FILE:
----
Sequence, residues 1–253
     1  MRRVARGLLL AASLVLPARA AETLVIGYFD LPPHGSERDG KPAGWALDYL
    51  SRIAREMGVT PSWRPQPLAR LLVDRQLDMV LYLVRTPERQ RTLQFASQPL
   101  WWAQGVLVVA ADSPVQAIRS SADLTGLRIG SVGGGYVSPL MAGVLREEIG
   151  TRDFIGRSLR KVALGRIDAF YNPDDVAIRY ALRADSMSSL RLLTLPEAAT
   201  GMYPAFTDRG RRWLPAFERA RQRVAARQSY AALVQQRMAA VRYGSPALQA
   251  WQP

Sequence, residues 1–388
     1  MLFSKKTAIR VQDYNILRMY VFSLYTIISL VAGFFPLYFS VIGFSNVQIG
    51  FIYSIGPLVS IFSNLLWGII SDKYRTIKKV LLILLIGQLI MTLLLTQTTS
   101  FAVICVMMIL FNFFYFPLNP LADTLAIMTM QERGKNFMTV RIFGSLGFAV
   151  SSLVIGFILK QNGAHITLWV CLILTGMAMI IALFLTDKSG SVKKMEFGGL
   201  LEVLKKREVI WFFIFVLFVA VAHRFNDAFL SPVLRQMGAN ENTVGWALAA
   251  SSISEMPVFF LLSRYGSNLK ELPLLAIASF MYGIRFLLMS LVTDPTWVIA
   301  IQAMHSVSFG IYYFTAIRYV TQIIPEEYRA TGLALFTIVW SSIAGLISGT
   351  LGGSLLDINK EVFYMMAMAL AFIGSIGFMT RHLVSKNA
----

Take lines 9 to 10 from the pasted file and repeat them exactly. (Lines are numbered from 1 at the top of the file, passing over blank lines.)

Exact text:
     1  MLFSKKTAIR VQDYNILRMY VFSLYTIISL VAGFFPLYFS VIGFSNVQIG
    51  FIYSIGPLVS IFSNLLWGII SDKYRTIKKV LLILLIGQLI MTLLLTQTTS